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Be at one with new universes, take yoga at Adler Planetarium

John Moore~Getty Images

John Moore~Getty Images

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‘Sun Salutations: Yoga Under the Sky at the Adler Planetarium’

When: 8:30 a.m March 22, 29 and April 5; participants must be 10 and older and bring their own mat.

Cost: $12. Museum admission included.

Info: adlerplanetarium.org/events/sun-salutations

Updated: March 20, 2014 7:05PM



You can do it at the park, in a museum and even on water. It’s yoga — and more classes are moving out of the studio and off the mat to spaces not typically associated with the popular activity.

The Adler Planetarium is home to the latest program for yogis. Bridget Basta of Yoga By Degrees in Wheaton is leading a Saturday morning class (March 22, 29 and April 5) that intertwines lessons in astronomy with sun salutations.

Basta, who has a background in museum studies, explained how science and yoga share similar principles.

“We’ll take time to gaze up and recognize how close we are to universe,” she said. “It’s all very science and astronomy but it’s also very yoga to recognize that you’re part of something big and beautiful.”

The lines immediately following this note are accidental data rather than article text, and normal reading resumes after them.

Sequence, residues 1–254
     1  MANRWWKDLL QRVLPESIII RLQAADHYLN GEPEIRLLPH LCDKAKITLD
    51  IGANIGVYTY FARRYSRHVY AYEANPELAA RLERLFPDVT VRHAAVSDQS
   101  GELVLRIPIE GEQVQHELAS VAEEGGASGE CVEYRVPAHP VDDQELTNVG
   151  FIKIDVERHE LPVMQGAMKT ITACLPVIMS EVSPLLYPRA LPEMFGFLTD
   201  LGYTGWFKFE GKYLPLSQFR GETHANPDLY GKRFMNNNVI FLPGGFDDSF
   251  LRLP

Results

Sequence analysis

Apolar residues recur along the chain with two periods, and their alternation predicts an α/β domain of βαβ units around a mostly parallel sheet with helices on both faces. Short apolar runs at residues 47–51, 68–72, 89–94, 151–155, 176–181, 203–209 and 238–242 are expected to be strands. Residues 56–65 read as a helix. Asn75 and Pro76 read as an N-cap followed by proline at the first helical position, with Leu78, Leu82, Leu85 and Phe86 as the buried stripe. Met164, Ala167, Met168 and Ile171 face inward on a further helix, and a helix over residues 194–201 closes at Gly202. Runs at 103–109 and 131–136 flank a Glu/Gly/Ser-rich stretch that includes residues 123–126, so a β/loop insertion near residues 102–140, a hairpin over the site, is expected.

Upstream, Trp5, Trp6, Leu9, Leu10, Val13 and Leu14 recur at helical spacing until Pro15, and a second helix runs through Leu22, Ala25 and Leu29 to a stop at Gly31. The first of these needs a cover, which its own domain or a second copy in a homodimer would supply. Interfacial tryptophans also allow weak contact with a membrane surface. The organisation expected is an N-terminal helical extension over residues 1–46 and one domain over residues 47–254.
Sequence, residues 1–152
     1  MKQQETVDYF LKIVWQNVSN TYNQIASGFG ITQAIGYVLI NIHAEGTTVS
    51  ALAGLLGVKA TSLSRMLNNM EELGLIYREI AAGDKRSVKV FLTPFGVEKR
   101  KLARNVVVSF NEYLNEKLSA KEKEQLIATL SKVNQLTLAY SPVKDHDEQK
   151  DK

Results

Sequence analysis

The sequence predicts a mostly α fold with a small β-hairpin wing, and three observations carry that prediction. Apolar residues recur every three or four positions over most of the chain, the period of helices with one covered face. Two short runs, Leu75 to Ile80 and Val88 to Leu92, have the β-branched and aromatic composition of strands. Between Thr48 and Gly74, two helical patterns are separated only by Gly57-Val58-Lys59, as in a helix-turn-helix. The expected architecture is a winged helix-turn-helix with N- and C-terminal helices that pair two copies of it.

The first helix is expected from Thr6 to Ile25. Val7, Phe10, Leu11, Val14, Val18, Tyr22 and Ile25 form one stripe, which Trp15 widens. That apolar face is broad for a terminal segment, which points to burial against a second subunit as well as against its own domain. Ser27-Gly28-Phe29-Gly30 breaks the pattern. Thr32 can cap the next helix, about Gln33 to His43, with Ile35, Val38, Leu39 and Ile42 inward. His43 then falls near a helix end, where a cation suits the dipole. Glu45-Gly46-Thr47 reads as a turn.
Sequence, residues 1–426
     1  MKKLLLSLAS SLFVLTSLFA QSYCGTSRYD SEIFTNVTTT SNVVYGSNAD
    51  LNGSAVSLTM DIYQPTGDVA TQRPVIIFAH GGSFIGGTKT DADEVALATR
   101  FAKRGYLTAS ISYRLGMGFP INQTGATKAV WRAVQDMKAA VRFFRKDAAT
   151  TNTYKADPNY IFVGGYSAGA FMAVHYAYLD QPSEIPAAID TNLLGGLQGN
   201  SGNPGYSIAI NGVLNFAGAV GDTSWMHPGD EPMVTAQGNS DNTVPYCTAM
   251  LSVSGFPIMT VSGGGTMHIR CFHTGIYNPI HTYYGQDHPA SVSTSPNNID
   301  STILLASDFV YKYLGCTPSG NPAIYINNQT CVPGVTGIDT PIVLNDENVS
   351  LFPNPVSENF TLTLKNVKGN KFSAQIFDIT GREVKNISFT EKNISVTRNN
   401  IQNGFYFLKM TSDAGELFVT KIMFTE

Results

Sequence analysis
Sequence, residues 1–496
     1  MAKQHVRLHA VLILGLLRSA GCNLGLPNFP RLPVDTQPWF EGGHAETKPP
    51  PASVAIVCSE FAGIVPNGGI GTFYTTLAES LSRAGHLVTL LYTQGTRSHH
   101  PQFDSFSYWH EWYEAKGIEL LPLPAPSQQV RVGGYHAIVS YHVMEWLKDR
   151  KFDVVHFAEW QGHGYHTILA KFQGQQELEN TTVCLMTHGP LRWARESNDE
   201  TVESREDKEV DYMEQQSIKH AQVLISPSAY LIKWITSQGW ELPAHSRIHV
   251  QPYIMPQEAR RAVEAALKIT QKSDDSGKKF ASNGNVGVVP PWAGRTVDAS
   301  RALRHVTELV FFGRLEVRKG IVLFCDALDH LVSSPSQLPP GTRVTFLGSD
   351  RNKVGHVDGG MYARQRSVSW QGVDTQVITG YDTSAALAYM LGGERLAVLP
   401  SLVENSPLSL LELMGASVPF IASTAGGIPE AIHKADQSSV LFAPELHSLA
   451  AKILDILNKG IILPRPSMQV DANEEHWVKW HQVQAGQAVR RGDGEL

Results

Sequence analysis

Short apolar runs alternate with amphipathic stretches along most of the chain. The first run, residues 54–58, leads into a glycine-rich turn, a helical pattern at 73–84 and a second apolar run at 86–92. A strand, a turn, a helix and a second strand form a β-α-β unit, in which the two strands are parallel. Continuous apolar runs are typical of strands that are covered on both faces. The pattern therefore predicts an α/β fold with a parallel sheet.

Lately instructors have been introducing different ways to practice the poses. At Air gyms in Lincoln Park and River North, exercisers hold yoga postures midair while suspended in aerial silk hammocks. When summer strikes, Jaclynn Kay Szczepaniec of Royal Pigeon Yoga leads classes on paddle boards at the 31st Street Harbor.

She’s found the benefits of yoga are magnified when practiced on the lake.“It’s also calming because water has that effect,” Szczepaniec said.

Yoga itself is an exploration, she said, adding that the ancient practice wasn’t always done indoors on colorful foam mats. “There are some people who never wanted to do yoga in a studio,” she said. “But then they experience it outside and it’s an ‘aha’ moment that speaks to them.”

Offering classes at places where people already are, or want to be, allows them to release tension and quiet the mind without the hassle of an extra trip. The positive nature of the practice can also help build community.

“The root of yoga is your mind, body and spirit all connected,” she said. “The idea to bring it into your everyday day life makes a lot of sense.”



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